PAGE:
Jinjer – Wallflowers

Jinjer - Wallflowers Album Cover Artwork

Overall Score: 9/10
Technical Proficiency : 9/10
Songwriting: 10/10
Production : 7/10
Pros: Jinjer produces the best album of their career and hold no punches in doing so.
Cons: For such a statement of aggression, the production could have little more edge.

If necessity is the mother of all creation, then the need to protect their stainless reputation is what birthed Jinjer’s fifth full-length leviathan; Wallflowers. Nine years on from debut Inhale, Do Not Breathe the Ukrainian quartet’s meteoric rise to one of modern metal’s A-listers is simply astounding – with legions of rabid fans and a wealthy catalogue of wildly intoxicating hits to boast. As one of the few to successfully mix groove metal, death metal and progressive metal to the satisfaction of fans and critics alike, Jinjer’s reputation proceeds itself in 2021; with that said, prepare for their darkest chapter yet. 

For those unaware, mincing words – nor riffs – has ever been part of Jinjer’s M.O. Through a concoction of brutally realised lyricism, copious levels of groove and the vocal acrobatics from leading legend Tatiana Shmayluk, there has rarely been a crowd that Jinjer cannot please. It has always been a concern, that such consistent success could give rise to complacency and yet the arrival of Wallflowers only delivers a bolder and grittier side to the band we have yet to see; the result sits atop with their finest work. 

As first impressions go, Wallflowers greets with a vice-grip handshake and a wide-eyed grin as Call Me A Symbol rattles through the open doors like some enraged bull; one that’s excellent at playing the guitar, of course. This serves as an excellent tone-setter, as the band’s trademark for leaping from blast beats to tight and destructive riffing to the impassioned two-tone deliveries from Tatiana remain familiar while offering up Wallflowers’ new iteration of ‘heavy’. The record offers up menace in healthy supply. More blast beats, tougher growls, bigger switch-ups, and while ‘more’ has never directly equated to ‘better’, it only ever feels natural as Jinjer draws upon the decay of the world at hand. 

Colossus, Copycat, As I Boil Ice and Mediator all dig their heels deep into this realm of abrasion. The latter two are fitting closers to this world of crooning melancholy. As I Boil Ice Throws does well to subvert expectations at each turn with a pop-y refrain here and a breakdown there before Mediator bodies its precursor with an intro vile enough to make an avid DM-head pull a ‘stinky face’. Despite the material not venturing too far from Jinjer’s established comfort zone, there’s no denying that these are new levels of brutality for the quartet.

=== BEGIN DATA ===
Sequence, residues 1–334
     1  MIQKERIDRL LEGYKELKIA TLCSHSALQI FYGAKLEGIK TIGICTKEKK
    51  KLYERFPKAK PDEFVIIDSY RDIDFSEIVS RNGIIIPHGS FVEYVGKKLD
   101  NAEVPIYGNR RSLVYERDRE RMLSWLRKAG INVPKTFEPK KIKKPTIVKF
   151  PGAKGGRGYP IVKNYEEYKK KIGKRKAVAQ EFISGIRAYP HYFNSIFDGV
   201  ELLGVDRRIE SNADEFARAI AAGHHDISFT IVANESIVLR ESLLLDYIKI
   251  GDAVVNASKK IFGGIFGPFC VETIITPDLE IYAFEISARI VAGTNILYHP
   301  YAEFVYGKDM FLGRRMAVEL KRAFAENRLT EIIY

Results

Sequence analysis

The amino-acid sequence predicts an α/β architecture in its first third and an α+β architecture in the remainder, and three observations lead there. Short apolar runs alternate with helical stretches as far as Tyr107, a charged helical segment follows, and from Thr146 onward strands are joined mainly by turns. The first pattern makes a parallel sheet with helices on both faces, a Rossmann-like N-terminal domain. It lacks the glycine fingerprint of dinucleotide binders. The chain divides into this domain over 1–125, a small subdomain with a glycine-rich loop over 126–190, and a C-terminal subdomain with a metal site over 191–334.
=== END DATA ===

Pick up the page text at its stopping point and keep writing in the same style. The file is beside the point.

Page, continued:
However, Jinjer records have always been tales of light and dark with Wallflowers refusing to break this mould. After Vortex brings its final assault to a close the band shocks and pulls a U-turn on Disclosure! and welcomes a punk-driven tirade with fist-pounding hooks whereas the title-track highlight wields an explorative soundscape of balance that could rival even Pisces. Thus, Wallflowers covers trodden ground with the same strong strides and ventures into new territory with striking confidence only reflective of Jinjer’s, now proven, level of expertise. 

Does Jinjer’s Wallflowers ever wilt? Only slightly; and it’s only ever a matter of unrealised potential as opposed to some grand misstep. As the band digs their claws deeper, drawing blood with this heavier set of tools, the feeling that the production package could have been equally as lethal is unavoidable. Sure the record equals its forerunners in giving itself a balanced sound – suited for the explorative nature of it all – but it feels too safe, too clean at times. While the band does their best to burst eardrums and strain necks, the album can sometimes feel a little too clean to match such ferocity. 

Despite this, Jinjer has, without doubt, delivered their most unforgiving record yet and lay another benchmark for metal’s competitive top ranks. Smart, focused and undeniably sadistic at times, this is a statement that the best bands in the business can always get better. 

The new Jinjer album, Wallflowers, is out now on Napalm Records.


  1. my main beef with the album, and I’m nitpicking, is that the guitar could sound a more muscular. it’s a little squashed out by saturated distortion compared to previous albums. but it’s a brilliant album nonetheless


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